Thai Green Curry (serves 4)

Thai Green Curry by The Fat Foodie

When I was at work yesterday I found myself pondering over what I was going to make for dinner. I knew I had a pack of chicken breasts in the fridge, but I was a bit fed up of making the same chicken dishes over and over again. However, I remembered that I had a thick chunk of fresh root ginger in the fridge as well as a jar of minced lemongrass in the cupboard, so I found myself thinking about making a Thai curry.

I’ve never made a Thai green curry from scratch before because I’ve always thought that they require ridiculous amounts of individual ingredients and, let’s be honest here, sometimes after a long day at work you can’t be bothered with all of that faff-on, can you? However, after a brief mootch in the Thai cookbook section at work (one of the benefits of working in a bookshop!) I actually realised that it doesn’t really take that much to make a Thai green curry after all and that, with the exception of having to buy fish sauce and a packet of mangetout on my way home, I was all set.

Now, I’m going to offer a word of advice here and I really hope you take it. I’ve never cooked with fish sauce before so I added it after sweating off my spices, ginger and lemongrass, but this was a huge mistake. IT FREAKIN’ STINKS!!! I’m not kidding, this was an ‘open all of the doors and windows’ job. This was a ‘thank God the living room door was closed so the smell didn’t meander up into any of the bedrooms’ jobs. It was horrific. So my advice is: only add the fish sauce after you’ve already added the coconut milk so that it blends into the curry sauce without releasing its infernal pungent aroma into your kitchen.

After I’d added the coconut milk and allowed my nasal passages to dissipate the strong stench of the fish sauce I steeled myself and tasted the curry sauce and… it was delicious. You couldn’t taste any aspect of the fish sauce whatsoever, but it had definitely added a richness to the Thai green curry that it would have sorely lacked had I omitted it. Please trust me and use the fish sauce, just don’t smell it. Ever.

I loved this Thai green curry and so did my family. It’s rich, multi-flavoured and very satisfying and it makes a nice change from the usual Indian curries I tend to make a lot. Its coconut milk base carries the delicate notes of root ginger and lemongrass without overpowering the chicken and making it taste too sweet. I don’t think it’ll be long before I’m making this for dinner again, but you can be damn sure I’ll be adding the fish sauce AFTER I’ve added the coconut milk. I won’t make that mistake again!


2 tbsp sesame oil

2 tbsps minced fresh root ginger

1 tbsp minced lemongrass (or 2 crushed lemongrass stalks)

1 mild red chilli (finely chopped)

1 tsp ground cumin

1 tsp asafoetida

1/2 a bunch of fresh coriander (chopped)

1/2 a bunch of basil (chopped)

2 tbsps fish sauce

2 tbsps lime juice (or the juice of 2 limes)

1 tin of coconut milk

1/3 of a block of coconut cream (around 75g)

4 chicken breasts (cut into bite-sized pieces)

200g mangetout (cut into bite-sized pieces)



In a large saucepan heat the sesame oil and once hot add the ginger, lemongrass, chopped chilli, cumin and asafoetida.

Add the chicken pieces, tin of coconut milk, lime juice and fish sauce and leave to simmer for 10-15 mins.

Start your rice cooking.

Add the mangetout, basil, coriander and coconut cream and cook for another couple of minutes.

Drain your rice.

If you used whole lemongrass stalks then just before serving remove them from the Thai green curry.

Serve on top of the rice with fresh basil (and a bit more chopped chilli if you like).

Thai Green Curry by The Fat Foodie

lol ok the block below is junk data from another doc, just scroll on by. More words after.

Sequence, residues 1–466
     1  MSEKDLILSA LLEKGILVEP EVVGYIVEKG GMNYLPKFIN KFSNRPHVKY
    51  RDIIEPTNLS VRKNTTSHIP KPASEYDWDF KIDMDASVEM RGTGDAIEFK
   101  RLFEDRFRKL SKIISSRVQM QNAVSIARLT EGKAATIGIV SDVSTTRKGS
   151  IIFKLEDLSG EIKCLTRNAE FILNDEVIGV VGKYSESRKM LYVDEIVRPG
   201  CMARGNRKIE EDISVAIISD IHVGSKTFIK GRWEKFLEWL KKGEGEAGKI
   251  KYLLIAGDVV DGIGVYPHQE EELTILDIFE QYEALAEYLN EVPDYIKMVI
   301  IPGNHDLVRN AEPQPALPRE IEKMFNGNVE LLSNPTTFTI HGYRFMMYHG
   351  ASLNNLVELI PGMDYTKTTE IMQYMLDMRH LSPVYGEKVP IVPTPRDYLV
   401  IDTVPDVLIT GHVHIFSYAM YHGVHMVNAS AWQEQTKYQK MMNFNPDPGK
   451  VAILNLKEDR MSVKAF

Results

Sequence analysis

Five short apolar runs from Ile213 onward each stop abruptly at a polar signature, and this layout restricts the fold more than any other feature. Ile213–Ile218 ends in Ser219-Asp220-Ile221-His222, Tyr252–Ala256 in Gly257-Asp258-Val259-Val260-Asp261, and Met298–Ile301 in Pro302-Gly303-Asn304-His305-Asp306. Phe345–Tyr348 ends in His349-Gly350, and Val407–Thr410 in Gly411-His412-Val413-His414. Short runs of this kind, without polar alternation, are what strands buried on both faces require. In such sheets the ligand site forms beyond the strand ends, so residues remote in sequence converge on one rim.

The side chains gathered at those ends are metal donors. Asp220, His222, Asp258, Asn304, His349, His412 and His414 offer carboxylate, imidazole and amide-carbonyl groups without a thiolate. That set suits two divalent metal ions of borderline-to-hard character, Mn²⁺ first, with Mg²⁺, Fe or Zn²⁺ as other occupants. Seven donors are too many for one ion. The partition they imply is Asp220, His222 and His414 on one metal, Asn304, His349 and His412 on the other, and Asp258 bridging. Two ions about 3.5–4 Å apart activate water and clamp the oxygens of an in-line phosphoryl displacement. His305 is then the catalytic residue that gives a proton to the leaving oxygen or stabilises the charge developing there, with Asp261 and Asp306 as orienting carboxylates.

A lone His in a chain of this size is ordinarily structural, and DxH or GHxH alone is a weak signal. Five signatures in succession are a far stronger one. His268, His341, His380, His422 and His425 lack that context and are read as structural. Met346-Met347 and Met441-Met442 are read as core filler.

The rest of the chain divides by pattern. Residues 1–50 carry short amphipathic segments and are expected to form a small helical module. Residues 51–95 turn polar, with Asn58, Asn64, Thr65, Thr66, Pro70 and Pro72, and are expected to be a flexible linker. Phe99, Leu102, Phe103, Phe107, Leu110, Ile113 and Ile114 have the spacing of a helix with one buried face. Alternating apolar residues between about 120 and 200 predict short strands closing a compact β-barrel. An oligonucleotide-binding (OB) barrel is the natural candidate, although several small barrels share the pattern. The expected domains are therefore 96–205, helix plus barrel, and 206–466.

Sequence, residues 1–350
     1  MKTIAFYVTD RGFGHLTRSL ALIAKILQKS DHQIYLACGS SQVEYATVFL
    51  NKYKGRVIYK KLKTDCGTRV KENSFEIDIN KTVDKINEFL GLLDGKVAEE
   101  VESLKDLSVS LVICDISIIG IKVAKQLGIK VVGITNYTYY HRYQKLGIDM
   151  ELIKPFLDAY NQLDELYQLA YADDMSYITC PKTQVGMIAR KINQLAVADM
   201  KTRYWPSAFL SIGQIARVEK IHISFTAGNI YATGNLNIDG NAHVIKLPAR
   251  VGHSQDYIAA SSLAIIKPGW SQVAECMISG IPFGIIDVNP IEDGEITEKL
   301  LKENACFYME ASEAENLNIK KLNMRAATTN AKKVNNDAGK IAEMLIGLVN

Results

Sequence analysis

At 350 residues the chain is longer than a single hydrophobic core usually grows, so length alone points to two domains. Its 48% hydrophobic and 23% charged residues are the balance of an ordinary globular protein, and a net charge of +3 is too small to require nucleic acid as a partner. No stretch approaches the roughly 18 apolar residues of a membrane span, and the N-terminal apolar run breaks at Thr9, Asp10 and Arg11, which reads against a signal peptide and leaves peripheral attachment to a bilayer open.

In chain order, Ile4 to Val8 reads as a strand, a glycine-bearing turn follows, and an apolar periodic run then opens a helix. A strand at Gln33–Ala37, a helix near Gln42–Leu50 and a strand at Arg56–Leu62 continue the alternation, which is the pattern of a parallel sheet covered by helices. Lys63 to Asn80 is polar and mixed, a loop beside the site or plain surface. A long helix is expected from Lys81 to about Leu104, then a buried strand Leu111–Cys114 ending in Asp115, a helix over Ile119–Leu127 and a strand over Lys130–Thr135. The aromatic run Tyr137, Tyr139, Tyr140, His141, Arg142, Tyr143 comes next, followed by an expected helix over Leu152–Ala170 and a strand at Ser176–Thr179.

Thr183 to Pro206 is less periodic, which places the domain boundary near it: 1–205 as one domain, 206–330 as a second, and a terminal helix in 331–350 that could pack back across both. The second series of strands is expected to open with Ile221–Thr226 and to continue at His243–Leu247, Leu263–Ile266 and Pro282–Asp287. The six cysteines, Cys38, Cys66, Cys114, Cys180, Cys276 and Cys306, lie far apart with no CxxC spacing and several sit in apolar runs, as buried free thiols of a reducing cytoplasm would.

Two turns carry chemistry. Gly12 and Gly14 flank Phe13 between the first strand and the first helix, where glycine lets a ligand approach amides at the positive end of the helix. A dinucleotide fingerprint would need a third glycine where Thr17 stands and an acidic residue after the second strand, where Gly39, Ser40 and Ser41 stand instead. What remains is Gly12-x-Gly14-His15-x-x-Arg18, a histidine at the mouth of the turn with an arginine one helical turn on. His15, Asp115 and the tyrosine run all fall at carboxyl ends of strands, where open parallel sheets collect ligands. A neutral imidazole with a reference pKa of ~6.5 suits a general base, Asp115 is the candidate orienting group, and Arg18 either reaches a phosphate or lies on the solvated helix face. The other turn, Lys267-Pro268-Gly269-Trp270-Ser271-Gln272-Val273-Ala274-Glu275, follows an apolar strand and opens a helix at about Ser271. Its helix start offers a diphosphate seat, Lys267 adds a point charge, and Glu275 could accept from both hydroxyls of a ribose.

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Aloo Palak (Potato and Spinach Curry) (serves 4)

Aloo Palak (Potato and Spinach Curry) by The Fat Foodie

I love aloos, potato-based Indian dishes, because they’re so hearty and flavoursome and they make a lovely light alternative to heavy dairy and meat-based curries. I’m particularly a fan of aloo palak, a potato and spinach curry, because the addition of spinach leaves makes the dish very fresh tasting and brings out the natural sweetness of the potatoes.

I know a lot of people who would never dream about making a curry from scratch because they think it’s too hard or that it involves too many ingredients, an attitude I can understand because some curries are pretty labour and ingredient intensive. However, this aloo palak is really easy to make and its ingredients list isn’t that extensive either.

The beauty of making a curry yourself lies in the fact that you can use fresh flavours that really pack a wallop, such as minced ginger root and fresh coriander leaf. Accordingly, you’re rewarded with an aloo palak that tastes much nicer than a curry sauce that comes from a jar. As an added bonus there’s no onion or garlic in this recipe because asafoetida powder is used to impart those flavours instead, so it’s FODMAP friendly.

Although this aloo palak is vegetarian, it’s substantial, requiring little more than some crisp and crunchy poppadums to accompany it, but even though there’s no meat in it it’s rich and stuffed full of a variety of flavours. It’s a vegetarian curry that’s well worth making.


800g potatoes cut into small cubes (peeled weight)

3 tbsps vegetable oil

1 tsp salt

1 tbsp garam masala

1 tbsp fresh minced ginger

1 tsp asafoetida powder

1 tsp hot madras powder

1 tsp ground turmeric

2 tbsps sesame seeds

2 tbsps dessicated coconut

200g fresh washed spinach

Fresh coriander and poppadums for serving


Parboil the potatoes in generously salted boiling water until just soft and then drain.

Heat the vegetable oil in a large pan and add all of your spices and cook for a minute.

Add the potatoes and desiccated coconut and cook for a couple of minutes before adding the spinach.

Cook until the spinach has wilted down and add a little water if you’d prefer the curry to be a bit saucier. Taste for seasoning (it might require a generous seasoning of salt at this point).

Serve with freshly chopped coriander and crisp poppadums. (It’s also lovely with fresh chopped chilli and a cucumber and mint raita.)

Aloo Palak (Potato and Spinach Curry) by The Fat Foodie

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Beef Madras

Beef Madras by The Fat Foodie

Beef Madras by The Fat Foodie